Evacuation/Fire drills are required by code.  Most people will enter and leave buildings through the same entrance. Some stairways and alternative exits might not be familiar to many occupants, even those who have worked in the same building for many years. In the event of an emergency, occupants might travel past emergency exits to get to the building entrance (exit) with which they are familiar. Become familiar with the exits in your buildings, including alternate exits and follow these procedures, when a fire alarm sounds.

What to do when the Fire Alarm Sounds:


  1. Stop what you are doing – even if you are on the phone
  2. Close any open windows – if you have time
  3. Close doors behind you but do not lock – unless the door is in a locked mode
  4. Close fire doors as you leave
  5. Do not go back to your office or lab to retrieve staff or items
  6. Walk, don’t run
  7. Use the stairs to evacuate or, if unable to self-evacuate,  proceed to the Rescue Waiting Area designated on building Emergency Evacuation Map
  8. Proceed to your designated Assembly Area, found on the Emergency Evacuation Map
  9. If you have students in a class, escort them to the designated Assembly Area
  10. If you are in a Lab, proceed to the designated Assembly Area:
    a) Shut down any experiments in a timely manner, so they are safe
    b) Do not try and re-enter the building to get to lab animals
  11. Report to your Building Emergency Coordinator, BECs, Work Area Emergency Coordinator, WECs, or First Responder anyone who will not or has not left the building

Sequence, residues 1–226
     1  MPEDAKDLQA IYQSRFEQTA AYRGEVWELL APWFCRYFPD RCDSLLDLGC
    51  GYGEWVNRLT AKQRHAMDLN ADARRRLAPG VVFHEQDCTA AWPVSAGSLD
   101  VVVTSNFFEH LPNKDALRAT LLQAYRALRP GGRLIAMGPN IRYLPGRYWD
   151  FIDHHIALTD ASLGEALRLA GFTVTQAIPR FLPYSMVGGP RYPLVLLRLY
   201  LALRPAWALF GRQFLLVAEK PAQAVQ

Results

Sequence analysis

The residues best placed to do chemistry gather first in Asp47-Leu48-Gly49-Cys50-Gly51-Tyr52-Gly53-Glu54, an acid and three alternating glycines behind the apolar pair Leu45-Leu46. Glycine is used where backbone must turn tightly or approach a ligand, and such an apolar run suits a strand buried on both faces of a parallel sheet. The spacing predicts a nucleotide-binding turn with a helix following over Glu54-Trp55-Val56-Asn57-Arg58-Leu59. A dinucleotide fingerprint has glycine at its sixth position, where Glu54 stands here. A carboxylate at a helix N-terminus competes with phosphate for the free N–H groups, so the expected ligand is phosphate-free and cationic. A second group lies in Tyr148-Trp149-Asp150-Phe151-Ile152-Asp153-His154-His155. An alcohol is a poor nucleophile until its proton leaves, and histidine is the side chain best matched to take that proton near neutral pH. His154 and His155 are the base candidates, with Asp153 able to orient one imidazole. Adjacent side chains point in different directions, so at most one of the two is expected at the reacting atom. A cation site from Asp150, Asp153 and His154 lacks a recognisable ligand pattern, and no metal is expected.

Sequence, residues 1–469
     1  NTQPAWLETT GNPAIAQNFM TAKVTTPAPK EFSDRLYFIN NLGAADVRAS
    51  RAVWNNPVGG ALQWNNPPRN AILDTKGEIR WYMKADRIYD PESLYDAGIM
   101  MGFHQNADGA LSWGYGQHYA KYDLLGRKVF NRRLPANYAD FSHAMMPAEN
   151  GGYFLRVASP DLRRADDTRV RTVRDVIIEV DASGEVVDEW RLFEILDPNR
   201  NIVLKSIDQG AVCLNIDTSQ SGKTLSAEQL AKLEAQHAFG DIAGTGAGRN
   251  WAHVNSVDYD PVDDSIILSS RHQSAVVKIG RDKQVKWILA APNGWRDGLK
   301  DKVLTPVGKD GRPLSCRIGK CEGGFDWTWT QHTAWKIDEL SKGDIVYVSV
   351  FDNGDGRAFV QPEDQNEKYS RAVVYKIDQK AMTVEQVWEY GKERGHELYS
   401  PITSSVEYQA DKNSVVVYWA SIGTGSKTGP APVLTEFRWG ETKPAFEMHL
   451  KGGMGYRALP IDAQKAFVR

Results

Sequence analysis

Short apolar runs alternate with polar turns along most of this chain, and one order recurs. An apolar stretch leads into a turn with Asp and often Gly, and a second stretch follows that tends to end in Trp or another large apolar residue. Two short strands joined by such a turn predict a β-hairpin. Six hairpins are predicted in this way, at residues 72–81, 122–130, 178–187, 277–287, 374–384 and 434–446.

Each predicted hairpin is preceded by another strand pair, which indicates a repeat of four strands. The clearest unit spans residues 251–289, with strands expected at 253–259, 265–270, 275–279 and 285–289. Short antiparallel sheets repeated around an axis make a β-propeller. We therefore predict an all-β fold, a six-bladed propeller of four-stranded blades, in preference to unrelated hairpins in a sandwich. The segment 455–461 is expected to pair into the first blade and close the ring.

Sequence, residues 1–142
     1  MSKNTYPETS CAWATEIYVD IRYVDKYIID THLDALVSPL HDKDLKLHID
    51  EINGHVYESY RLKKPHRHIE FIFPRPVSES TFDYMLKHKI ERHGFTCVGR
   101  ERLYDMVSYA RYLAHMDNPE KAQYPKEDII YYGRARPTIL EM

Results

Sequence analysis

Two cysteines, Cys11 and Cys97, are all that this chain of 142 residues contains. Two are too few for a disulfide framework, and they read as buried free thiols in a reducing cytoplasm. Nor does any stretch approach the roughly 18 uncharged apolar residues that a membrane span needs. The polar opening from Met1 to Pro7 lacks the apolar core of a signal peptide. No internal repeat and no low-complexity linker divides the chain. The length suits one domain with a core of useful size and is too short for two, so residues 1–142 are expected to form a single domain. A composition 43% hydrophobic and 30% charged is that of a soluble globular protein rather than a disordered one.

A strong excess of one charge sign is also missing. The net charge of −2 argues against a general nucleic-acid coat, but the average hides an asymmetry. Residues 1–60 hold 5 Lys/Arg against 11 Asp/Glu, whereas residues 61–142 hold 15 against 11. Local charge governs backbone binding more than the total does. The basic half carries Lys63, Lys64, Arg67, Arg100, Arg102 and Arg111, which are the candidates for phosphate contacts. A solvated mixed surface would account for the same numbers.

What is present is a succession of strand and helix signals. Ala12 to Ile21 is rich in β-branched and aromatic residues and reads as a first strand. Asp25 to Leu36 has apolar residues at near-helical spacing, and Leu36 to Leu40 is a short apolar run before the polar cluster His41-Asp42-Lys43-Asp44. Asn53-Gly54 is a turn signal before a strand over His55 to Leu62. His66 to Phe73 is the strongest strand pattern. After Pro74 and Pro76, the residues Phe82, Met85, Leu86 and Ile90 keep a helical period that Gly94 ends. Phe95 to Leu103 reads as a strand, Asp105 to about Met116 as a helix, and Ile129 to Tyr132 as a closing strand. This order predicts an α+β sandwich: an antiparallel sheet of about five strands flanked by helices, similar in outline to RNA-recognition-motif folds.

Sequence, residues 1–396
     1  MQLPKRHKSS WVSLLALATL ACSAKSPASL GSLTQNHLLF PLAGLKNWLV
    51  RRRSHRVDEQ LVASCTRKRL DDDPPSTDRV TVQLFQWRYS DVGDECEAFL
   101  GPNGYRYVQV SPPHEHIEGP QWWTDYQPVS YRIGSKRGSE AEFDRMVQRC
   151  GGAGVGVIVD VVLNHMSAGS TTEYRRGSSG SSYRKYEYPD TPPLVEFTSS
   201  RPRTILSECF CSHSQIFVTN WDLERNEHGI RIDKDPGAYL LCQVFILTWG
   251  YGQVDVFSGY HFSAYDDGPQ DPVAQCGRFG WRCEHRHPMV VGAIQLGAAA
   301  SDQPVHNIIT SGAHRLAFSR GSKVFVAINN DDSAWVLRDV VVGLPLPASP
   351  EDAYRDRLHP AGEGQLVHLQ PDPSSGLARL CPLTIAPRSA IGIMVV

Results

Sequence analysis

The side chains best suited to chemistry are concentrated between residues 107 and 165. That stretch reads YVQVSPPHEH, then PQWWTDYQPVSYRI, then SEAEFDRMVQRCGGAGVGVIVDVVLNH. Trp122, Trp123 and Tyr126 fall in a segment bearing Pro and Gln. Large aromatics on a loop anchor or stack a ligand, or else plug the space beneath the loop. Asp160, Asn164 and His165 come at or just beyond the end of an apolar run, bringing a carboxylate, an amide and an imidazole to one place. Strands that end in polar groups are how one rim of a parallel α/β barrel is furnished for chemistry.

12. The building will be cleared, alarm shut off and you will be told when it is safe to re-enter the building


What not to do during a fire alarm!

  1. Do not use elevators
  2. Do not block open fire doors open with door stops
    a. Fire doors must never be blocked open
  3. Do not re-enter the building for any reason until you are told it is safe


Fire drills are conducted to educate building occupants, and assist in the evaluation of emergency plans. EHS staff is working with University Police, Facilities Planning, Real Estate Office, Physical Plant, building occupants, and the Laramie Fire Department to develop Building Emergency Action Plans (BEAPs), post evacuation maps and facilitate evacuation drills for the Laramie campus non-residential buildings. For more information on the BEAP program see this link or contact the EHS Department or 766-3277.



Hot Work Permit Program increases worker safety, decreases risk of property loss